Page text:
Microwaves Can Ignite, as Well as Sterilize, Sponges

Friday, January 26, 2007

Kitchen sponge users, beware. Microwaving sponges can sterilize them but can also apparently have a downside: Some sponges may burst into flames.

The Washington Post reported Wednesday that new research showed microwaving a kitchen sponge for two minutes can kill most germs. Since then, several unhappy readers have called to report that when they tried this at home something startling happened: Their sponges ignited.

In response, The Post contacted Gabriel Bitton of the University of Florida, who did the research, for advice.

"I have been microwaving sponges for the past two days and nothing bad happened in my home nor in my lab," Bitton responded yesterday in an e-mail.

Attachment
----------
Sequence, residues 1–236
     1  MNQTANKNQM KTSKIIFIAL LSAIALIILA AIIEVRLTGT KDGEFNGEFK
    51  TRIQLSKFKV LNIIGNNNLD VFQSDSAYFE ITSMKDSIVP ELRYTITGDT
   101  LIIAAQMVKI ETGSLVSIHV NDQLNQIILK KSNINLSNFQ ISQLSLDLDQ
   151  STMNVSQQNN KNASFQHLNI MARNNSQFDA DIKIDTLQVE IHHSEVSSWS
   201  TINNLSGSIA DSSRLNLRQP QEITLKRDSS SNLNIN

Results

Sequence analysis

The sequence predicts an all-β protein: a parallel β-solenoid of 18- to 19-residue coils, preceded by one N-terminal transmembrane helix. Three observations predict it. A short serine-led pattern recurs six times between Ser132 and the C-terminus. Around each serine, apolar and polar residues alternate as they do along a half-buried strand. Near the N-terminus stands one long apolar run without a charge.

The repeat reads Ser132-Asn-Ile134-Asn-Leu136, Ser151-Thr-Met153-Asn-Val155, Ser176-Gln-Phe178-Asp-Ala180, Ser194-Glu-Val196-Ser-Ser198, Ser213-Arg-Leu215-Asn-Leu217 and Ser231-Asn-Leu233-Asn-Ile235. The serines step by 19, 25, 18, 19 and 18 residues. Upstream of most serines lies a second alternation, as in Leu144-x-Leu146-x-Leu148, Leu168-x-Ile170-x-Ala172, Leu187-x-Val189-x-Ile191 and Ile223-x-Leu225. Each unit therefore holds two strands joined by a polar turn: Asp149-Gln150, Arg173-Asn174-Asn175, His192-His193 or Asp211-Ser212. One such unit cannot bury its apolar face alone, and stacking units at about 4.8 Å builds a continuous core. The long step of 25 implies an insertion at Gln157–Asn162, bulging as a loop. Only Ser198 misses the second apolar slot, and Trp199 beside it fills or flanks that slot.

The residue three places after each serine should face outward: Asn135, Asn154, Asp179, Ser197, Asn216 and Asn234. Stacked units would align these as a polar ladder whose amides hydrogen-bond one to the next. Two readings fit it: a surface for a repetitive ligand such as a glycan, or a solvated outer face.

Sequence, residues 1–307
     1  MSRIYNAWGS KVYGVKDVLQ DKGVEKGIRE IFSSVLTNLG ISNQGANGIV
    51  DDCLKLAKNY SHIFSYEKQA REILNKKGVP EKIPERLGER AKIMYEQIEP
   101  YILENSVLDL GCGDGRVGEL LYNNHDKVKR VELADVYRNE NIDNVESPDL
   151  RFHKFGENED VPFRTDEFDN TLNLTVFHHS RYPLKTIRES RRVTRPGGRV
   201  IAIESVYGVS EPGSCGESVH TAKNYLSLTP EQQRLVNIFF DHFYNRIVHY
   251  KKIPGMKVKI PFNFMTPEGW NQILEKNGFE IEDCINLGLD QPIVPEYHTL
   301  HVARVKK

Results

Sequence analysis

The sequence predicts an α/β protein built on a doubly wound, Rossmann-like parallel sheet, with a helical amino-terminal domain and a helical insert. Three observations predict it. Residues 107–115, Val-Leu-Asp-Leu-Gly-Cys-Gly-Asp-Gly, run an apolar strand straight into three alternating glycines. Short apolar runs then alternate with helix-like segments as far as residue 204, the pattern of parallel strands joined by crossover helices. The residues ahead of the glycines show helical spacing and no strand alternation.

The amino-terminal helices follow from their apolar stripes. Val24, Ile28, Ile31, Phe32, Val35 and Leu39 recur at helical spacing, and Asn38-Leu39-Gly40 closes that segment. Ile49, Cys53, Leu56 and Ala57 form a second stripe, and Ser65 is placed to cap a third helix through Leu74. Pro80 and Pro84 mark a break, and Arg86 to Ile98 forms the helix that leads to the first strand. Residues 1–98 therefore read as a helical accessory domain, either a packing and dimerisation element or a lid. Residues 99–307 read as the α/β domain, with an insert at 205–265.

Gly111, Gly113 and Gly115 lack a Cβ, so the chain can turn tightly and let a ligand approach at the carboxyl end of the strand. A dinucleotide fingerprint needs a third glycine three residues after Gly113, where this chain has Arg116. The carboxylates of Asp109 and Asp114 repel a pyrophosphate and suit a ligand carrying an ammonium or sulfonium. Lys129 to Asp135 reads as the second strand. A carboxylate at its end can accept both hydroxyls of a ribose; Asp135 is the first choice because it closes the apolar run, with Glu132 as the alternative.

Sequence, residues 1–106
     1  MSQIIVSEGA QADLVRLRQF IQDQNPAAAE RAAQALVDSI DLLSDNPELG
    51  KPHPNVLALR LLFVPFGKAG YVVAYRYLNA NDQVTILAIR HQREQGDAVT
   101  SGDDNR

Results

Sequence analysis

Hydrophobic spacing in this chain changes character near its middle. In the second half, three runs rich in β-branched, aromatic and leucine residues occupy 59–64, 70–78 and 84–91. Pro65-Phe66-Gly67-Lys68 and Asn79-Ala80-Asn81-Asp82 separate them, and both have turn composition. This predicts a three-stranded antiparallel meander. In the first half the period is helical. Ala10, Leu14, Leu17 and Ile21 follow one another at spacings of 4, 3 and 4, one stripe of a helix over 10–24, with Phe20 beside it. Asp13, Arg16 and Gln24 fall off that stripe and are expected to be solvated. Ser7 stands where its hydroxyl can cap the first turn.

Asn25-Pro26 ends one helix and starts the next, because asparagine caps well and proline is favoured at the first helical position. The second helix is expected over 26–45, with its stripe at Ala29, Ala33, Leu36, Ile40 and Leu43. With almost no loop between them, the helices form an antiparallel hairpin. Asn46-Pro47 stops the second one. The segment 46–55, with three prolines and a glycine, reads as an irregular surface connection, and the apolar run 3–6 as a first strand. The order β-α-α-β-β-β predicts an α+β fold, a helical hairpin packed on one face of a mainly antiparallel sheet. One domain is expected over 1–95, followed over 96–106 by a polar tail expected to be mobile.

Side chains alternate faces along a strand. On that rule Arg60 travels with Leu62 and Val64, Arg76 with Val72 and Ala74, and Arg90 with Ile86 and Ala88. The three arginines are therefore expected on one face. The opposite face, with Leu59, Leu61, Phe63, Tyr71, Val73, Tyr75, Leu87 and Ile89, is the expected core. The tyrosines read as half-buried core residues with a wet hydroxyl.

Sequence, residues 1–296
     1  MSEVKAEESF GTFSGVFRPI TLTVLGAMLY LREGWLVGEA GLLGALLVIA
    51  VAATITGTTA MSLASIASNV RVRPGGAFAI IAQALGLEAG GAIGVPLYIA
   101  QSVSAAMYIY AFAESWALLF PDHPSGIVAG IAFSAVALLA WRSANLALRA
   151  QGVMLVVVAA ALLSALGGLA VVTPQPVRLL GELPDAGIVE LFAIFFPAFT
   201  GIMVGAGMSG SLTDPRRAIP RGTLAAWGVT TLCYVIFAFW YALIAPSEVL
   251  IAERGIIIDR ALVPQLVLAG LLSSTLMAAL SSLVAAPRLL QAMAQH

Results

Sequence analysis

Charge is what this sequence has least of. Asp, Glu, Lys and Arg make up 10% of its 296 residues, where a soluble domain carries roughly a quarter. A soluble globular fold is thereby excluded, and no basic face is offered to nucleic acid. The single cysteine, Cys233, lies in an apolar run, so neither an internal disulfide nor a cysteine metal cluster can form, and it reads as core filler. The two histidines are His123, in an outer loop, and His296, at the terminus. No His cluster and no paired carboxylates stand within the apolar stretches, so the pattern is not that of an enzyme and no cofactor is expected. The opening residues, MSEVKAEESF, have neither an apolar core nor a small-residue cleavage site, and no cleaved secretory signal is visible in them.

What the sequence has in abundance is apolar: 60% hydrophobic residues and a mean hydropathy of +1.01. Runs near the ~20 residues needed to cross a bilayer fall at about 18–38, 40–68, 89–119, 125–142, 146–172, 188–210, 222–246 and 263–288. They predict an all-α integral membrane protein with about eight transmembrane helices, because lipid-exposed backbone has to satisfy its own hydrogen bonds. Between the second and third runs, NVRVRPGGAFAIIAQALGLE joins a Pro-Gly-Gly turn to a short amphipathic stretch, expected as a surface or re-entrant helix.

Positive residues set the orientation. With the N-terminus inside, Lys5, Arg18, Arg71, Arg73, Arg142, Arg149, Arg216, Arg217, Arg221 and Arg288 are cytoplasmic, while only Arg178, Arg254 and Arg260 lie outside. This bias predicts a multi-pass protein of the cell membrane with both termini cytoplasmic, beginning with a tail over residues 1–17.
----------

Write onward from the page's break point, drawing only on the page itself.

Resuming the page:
Bitton noted, however, that he had tested only cellulose sponges, using a microwave with a maximum of 1,100 watts of power, never exceeding 90 percent of its power.

"We have no data from synthetic sponges or loofah sponges," Bitton said. "If the customer has a microwave with a higher power, he/she should experiment a little bit by increasing the exposure time gradually."

Bitton added this advice:

· Sponges should be fully soaked with water.

· Metallic scrubbing pads should never be put in a microwave.

· Soapy sponges can be microwaved, but not those containing detergents and other chemicals.

Finally, Bitton cautioned: "Beware of hot sponges after exposure."

-- Rob Stein

© 2007 The Washington Post Company